The BrahMos is a supersonic ramjet cruise missile being produced under a joint venture between the Indian Defence Research and Development Organisation and the Russian NPO Mashinostroeyenia. It is the fastest cruise missile in the world with a range of 290 km. Because of its high speed (close to Mach 3), it can penetrate current anti-missile defences. It has a wingspan of 1.7 m, diameter of 70 cm with a warhead of 200 kg. Its Block III version can carry out land attack also. It is understood that it has been tested in supersonic dive mode, without any seeker; against hidden land, targets with G3OM based navigation system, which can use GPS, GLONAS, as well as the Indian GAGAN satellite systems. BrahMos-II (K) is a hypersonic missile under development with a range of 290 km and a speed of Mach 7. It is likely to be propelled with scramjet air breathing jet engine.
Missiles of the Future (LRASM)
DARPA is developing an anti-ship cruise missile with advanced stealth features as a replacement for the Harpoon missile for the US Navy. Lockheed Martin has been given a limited production contract for 90 missiles to meet US Navy’s urgent requirements. In August this year, the US Navy has officially designated the air-launched LRASM as the AGM-158C. LRASM will be fitted with a modified Mk 114 jettison-able rocket booster for launch from ships using the existing Mk 41 Vertical Launch System. LRASM is likely to herald autonomous targeting capabilities by utilising onboard targeting systems. The LRASM would not require GPS, data links or any prior intelligence, it would be able to carry out positive identification of its target and track and attack it on its own. It will have advanced counter-countermeasures to penetrate the enemy defences under highly adverse conditions.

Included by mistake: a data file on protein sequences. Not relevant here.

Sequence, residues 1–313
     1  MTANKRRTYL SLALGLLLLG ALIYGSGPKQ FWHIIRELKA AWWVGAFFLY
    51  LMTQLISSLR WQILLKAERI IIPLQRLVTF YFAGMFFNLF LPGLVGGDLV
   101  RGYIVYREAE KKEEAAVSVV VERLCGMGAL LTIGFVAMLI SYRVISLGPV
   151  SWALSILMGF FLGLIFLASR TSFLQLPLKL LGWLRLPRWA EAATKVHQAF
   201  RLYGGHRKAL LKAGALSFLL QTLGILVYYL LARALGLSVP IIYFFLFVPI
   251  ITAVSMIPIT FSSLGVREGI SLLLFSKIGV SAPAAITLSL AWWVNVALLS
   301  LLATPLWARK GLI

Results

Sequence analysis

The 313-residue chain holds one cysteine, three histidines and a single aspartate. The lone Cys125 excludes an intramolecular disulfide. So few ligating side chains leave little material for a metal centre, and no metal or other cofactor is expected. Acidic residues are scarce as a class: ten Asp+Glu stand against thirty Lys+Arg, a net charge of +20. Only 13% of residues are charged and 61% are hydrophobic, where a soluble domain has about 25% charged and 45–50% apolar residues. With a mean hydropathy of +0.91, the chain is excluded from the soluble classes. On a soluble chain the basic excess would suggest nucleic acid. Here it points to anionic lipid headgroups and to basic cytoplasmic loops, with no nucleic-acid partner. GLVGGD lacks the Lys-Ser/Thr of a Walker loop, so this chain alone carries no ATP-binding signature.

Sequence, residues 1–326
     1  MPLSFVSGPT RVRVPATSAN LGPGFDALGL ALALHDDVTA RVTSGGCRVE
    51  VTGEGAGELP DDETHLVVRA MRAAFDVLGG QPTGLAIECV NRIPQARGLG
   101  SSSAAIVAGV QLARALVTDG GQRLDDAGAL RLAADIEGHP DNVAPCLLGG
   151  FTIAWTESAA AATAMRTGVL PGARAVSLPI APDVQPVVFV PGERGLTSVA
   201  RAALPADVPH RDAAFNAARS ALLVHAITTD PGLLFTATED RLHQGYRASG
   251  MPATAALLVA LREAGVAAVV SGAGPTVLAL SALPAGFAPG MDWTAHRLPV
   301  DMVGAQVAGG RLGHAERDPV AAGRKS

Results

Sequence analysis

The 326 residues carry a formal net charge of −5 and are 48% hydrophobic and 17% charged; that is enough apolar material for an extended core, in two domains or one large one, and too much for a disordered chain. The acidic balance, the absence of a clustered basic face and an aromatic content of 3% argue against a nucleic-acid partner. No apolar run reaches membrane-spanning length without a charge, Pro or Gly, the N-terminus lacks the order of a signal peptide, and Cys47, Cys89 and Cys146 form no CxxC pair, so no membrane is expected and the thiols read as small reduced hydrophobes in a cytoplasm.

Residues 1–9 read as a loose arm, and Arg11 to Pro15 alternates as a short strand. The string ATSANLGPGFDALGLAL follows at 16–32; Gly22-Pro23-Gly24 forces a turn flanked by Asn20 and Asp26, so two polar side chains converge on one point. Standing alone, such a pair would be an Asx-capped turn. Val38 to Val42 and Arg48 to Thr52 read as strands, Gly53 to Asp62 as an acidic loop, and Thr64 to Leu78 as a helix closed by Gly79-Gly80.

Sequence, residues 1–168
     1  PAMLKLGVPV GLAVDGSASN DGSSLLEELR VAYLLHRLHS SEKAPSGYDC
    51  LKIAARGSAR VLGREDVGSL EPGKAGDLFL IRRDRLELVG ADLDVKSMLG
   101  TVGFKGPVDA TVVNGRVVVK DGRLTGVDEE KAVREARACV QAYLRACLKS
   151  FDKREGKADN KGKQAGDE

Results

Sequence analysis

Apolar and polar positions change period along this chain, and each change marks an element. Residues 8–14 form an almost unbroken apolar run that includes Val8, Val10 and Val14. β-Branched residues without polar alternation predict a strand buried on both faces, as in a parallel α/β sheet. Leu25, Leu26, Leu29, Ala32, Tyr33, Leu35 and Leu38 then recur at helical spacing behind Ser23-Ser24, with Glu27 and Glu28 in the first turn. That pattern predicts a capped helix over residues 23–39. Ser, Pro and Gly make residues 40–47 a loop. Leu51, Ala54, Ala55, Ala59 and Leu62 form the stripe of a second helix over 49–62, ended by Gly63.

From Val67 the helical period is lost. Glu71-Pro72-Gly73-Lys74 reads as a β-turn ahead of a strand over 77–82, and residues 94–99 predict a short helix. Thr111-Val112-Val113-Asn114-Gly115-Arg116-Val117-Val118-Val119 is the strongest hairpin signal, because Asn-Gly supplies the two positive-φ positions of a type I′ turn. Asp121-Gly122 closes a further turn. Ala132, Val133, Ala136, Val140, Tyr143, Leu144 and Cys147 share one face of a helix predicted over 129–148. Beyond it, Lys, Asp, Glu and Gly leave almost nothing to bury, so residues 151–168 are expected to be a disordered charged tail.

The basic design of LRASM is derived from the AGM-158B JASM-ER with addition of a new weapon data link, radio frequency sensor (multi-mode), altimeter, and better power system. It is a sea skimmer with a range of 370 km, which can be guided to target, given midcourse corrections, or function in stand-alone mode for selection of the target. The guidance system and the homing head have been designed by BAE Systems. These comprise, imaging infrared homing with automatic scene/target matching recognition, jamming resistant GPS/INS, passive RF and threat warning, ESM, radar warning sensors, and data link. Data link enables the missile to collate real time digital picture of the target zone from friendly assets. The emission data is autonomously classified, and acquired for generation of the missile’s attack trajectory. The LRASM can search and attack the target on its own using the active radar, the multimode homing head enables the missile to avoid being decoyed and hitting the incorrect target. It is claimed that the missile can also operate in swarms and has land attack capability.
Cruise missiles are very expensive weapons costing millions of dollars per piece. Therefore, selection of the target becomes a difficult task, as cost-benefit analysis has to be carried out prior to launching the cruise missile on its mission. However, with their minimal signatures in the visual, infrared and radar spectrums they become weapons of choice in mission of high priority and stealth.
It appears that the trend towards developments of supersonic/hypersonic scramjet cruise missiles will continue to gather momentum and such missiles could be in the naval inventories by 2020. Coupled with hypersonic missiles, would be real time target data updating and guidance by extremely fast onboard computers and satellite-based systems. The kinetic energy of hypersonic cruise missiles would be a lethality multiplier against targets at sea and therefore such a missile would be a formidable weapon without a credible countermeasure as on date. The costs continue to increase with new developments; however, maintenance requirements appear to be reducing with canisterised missiles. The proliferation of precision guided missiles would continue to increase with reductions in cost of components, electronics and software.
The author is former DGNAI and Senior Fellow, New Westminster College, Canada